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Margaret Sanger Woman, Mother, Wife, Educator, Social Reformer, Activist Melanie Espinal Dcn. Salvatorelli Theology 3 Block 6 6 November 2018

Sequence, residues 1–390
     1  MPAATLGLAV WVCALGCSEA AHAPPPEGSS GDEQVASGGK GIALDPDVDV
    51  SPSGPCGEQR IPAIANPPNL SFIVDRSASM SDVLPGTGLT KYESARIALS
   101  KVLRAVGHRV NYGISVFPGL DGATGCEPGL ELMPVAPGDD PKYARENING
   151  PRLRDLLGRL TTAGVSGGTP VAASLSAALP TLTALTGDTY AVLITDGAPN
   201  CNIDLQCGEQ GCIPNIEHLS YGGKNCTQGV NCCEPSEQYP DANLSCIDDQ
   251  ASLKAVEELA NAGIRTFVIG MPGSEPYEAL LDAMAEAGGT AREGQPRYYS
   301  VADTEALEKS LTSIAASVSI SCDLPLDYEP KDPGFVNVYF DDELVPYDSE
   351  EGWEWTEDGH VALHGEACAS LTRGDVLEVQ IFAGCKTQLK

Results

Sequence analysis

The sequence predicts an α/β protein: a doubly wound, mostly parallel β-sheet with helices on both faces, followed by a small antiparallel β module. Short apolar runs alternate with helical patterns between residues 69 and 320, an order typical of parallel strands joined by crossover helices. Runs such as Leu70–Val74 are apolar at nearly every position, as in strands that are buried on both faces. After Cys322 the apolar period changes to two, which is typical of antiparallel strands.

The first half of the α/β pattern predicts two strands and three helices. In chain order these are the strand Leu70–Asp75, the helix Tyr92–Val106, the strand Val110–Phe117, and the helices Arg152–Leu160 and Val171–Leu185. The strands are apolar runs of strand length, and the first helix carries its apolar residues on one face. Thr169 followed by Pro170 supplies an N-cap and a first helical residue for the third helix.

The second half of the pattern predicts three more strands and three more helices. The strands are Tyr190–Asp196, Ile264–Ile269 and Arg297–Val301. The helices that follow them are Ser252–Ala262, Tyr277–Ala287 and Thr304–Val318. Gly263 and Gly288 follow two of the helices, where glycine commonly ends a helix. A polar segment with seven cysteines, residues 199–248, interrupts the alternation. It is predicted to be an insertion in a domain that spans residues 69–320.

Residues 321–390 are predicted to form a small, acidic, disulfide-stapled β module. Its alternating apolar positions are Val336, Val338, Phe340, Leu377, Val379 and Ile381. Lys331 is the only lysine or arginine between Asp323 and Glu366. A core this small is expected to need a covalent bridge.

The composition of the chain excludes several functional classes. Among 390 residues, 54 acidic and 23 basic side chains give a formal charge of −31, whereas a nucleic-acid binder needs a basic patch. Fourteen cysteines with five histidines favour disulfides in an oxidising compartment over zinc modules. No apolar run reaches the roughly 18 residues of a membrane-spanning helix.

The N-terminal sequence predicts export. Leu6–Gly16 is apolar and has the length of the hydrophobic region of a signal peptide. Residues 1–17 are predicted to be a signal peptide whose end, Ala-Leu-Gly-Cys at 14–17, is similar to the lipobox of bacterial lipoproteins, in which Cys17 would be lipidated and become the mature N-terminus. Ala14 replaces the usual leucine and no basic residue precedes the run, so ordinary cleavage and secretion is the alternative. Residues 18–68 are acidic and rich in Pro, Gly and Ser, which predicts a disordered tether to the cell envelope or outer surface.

Margaret Sanger was a woman, a mother, a wife and a social activist/reformer. Sanger is best known for her work advocating for a healthy sex life for women and the founding of a birth control or contraceptive movement. She was an advocate for family planning and women’s healthcare, which included a woman’s reproductive rights. Margaret Sanger was the sixth out of eleven children who grew up in poverty. She eventually did go to school and she studied to be nurse. One of the reasons why Sanger became so involved in social reform is because she moved to New York City in 1910. During this time, there were many social reformers and activists working towards a more progressive American society. While in New York City, Sanger became aware of the high rates of fertility, infant and maternal mortality rates and the exceedingly high number of botched abortions, correlated to women living in poverty. Her childhood and profession allowed her to understood what pregnancy and motherhood was like for underprivileged women. Sanger’s background and experiences in New York are what led to her focus on unplanned pregnancies in minority communities, and therefore, the creation of a birth control pill to maintain a healthy sex life. Margaret Sanger not only believed in the rights stated above, but she also believed women had the right to prevent unwanted pregnancies. Sanger did everything in her power to ensure women legally had reproductive rights. She stated "No woman can call herself free until she can choose consciously whether she will or will not be a mother." By 1912, Sanger became more involved in achieving her goal. She began advocating for birth control and began teaching about sex education through several pamphlets, articles and magazines. Some of her works included “What Every Girl Should Know,” “Family Limitations,” and “The Birth Control Review.” In her efforts to raise awareness, Sanger also founded many foundations and committees. Some were the American Birth Control League (1921), Birth Control Clinical Research Bureau (1923), Planned Parenthood Federation of America (1942), and International Planned Parenthood (1953).

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